Temidayo's Mandla story
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Bawo ni gbogbo nkan lọ eyin eniyan mi? (Yoruba, Nigeria)
My name is Temidayo Adekanye. I am a sophomore at Vanderbilt University, and I am a part ofthe early growth and development team here at Mandla. I joined the team a couple of months ago and I am originally from Lagos, Nigeria.
For centuries, our languages and cultures have been repressed by colonialism and its languages. I recall my father only wearing our native clothing on Fridays to work because the white man’s suit is seen as the professional standard. Why is our majestic agbada not good or professional enough? I recall when listening to afro beats was considered “razz” and uncivilized. Why was Don’t Dull by Wizkid, not a jam? I recall teachers hitting my peers because they spoke Igbo instead of English in class. Why should we not express ourselves in the rich tongue of our ancestors? This suppression of our identity by the systems set in place by colonialism has led many to consider learning our languages unimportant. I was one of them.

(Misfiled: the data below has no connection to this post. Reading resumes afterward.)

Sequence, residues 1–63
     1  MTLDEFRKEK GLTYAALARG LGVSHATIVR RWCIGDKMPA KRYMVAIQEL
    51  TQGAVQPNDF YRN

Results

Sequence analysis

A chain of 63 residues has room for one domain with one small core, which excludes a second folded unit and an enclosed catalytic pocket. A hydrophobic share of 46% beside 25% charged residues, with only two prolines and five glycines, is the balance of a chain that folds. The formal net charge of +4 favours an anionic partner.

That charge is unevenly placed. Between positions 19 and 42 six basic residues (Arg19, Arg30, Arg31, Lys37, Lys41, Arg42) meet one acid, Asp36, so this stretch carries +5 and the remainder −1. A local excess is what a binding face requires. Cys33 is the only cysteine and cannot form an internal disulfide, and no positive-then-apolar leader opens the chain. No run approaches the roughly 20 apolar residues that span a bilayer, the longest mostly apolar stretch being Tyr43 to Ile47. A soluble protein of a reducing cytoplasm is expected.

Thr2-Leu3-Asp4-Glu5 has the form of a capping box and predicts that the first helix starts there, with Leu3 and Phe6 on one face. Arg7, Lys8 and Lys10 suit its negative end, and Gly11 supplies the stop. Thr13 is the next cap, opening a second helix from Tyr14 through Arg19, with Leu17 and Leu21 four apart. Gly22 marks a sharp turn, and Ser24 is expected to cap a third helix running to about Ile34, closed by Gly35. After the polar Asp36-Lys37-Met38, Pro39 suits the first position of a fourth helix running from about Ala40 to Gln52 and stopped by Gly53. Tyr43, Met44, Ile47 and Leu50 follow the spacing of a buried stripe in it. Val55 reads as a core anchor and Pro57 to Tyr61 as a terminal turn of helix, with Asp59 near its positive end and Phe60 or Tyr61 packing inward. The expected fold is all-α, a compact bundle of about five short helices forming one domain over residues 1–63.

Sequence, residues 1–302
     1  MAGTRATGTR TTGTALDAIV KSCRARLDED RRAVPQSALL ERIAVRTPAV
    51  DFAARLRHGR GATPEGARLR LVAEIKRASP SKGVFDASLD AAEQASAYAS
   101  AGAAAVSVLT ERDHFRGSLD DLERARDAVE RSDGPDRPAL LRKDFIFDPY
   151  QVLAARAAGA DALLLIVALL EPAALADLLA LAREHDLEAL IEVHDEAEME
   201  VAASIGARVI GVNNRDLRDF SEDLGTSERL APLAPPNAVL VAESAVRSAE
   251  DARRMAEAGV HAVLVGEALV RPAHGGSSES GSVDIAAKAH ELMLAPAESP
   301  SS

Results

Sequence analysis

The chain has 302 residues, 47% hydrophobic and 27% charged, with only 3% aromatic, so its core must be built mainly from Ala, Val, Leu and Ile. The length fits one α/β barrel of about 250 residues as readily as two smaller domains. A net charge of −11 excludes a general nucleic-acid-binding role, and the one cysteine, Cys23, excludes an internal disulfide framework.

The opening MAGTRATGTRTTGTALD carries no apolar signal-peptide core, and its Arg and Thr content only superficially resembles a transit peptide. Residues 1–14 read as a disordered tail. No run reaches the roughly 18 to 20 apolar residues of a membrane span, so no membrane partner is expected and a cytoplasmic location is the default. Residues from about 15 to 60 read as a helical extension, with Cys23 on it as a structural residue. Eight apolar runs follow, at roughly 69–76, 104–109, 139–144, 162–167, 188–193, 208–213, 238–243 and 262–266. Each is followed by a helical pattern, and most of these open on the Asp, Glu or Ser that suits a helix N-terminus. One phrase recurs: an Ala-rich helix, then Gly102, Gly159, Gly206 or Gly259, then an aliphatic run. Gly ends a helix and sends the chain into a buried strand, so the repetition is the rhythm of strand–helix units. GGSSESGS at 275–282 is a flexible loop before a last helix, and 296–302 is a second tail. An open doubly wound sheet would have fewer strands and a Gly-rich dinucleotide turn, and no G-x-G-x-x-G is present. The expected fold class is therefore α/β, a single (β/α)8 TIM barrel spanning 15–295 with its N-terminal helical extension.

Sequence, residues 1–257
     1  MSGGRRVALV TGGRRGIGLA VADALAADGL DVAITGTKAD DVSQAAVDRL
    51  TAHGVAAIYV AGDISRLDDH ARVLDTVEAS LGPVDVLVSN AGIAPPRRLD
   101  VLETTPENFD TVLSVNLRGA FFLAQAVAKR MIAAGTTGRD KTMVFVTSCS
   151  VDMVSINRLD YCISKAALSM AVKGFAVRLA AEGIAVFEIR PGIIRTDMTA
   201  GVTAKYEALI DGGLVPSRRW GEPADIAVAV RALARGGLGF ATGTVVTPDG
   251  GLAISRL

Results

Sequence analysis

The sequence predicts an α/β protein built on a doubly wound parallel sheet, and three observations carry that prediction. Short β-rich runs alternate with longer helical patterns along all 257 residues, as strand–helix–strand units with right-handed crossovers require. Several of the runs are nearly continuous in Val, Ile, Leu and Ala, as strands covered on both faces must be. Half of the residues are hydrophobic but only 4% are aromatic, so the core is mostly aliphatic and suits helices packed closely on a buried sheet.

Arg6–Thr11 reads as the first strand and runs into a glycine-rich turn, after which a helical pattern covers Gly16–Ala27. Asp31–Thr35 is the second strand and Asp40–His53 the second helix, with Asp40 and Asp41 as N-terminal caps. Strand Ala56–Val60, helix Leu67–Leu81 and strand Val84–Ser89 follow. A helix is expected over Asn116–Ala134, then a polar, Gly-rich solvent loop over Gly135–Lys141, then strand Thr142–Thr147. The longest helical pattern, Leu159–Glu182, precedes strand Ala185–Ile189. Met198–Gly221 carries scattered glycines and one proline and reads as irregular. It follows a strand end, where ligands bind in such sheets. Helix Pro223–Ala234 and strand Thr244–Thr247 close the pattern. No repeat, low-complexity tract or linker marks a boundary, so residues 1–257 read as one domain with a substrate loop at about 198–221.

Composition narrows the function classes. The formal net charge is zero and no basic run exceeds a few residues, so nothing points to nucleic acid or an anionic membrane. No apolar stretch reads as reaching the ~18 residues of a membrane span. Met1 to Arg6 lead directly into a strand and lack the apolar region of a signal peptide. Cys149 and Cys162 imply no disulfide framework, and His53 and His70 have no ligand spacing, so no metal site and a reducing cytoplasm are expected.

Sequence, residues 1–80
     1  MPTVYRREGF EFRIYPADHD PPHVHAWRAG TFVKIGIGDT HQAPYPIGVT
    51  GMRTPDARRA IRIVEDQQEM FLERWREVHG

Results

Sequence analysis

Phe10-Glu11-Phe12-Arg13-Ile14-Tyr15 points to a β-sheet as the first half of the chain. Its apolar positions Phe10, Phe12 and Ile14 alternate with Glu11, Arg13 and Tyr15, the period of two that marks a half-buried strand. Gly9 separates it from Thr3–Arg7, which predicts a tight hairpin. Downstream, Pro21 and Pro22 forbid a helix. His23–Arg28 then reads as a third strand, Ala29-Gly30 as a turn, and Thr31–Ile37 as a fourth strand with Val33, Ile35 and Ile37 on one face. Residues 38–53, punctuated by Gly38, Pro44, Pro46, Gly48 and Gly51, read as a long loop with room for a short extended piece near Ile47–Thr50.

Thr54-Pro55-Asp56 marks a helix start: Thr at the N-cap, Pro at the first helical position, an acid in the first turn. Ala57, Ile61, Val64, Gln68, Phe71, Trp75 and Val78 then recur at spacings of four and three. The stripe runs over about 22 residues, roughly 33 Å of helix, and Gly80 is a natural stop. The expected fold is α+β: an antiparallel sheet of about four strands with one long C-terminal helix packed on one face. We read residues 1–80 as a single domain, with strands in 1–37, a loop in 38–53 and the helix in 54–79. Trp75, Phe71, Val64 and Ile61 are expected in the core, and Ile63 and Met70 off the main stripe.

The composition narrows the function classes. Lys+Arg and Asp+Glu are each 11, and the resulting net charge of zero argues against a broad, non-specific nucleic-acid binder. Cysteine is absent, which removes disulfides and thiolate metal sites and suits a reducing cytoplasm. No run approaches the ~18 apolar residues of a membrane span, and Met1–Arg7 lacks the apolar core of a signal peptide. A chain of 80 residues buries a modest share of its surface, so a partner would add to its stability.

Even though I lived the first 14 years of my life in Nigeria, I had first-hand experience with understanding but speaking very little Yoruba. I know how much "shame" I felt when I was teased about it by extended family and how much I eventually desired to learn to speak Yoruba. Thankfully I had family members willing to teach and practice with me.
I am really excited about Mandla because I know my experience is not unique but not every eager learner has a willing teacher. Mandla is that willing teacher. Mandla would have helped 10 year old me so I really appreciate this opportunity to bring Mandla to eager learners.
Africa is the future and any serious understanding of this future begins with the study of its beautiful tongues. To me, Mandla is not only a language learning platform. It is the gateway to the future.
Growth and development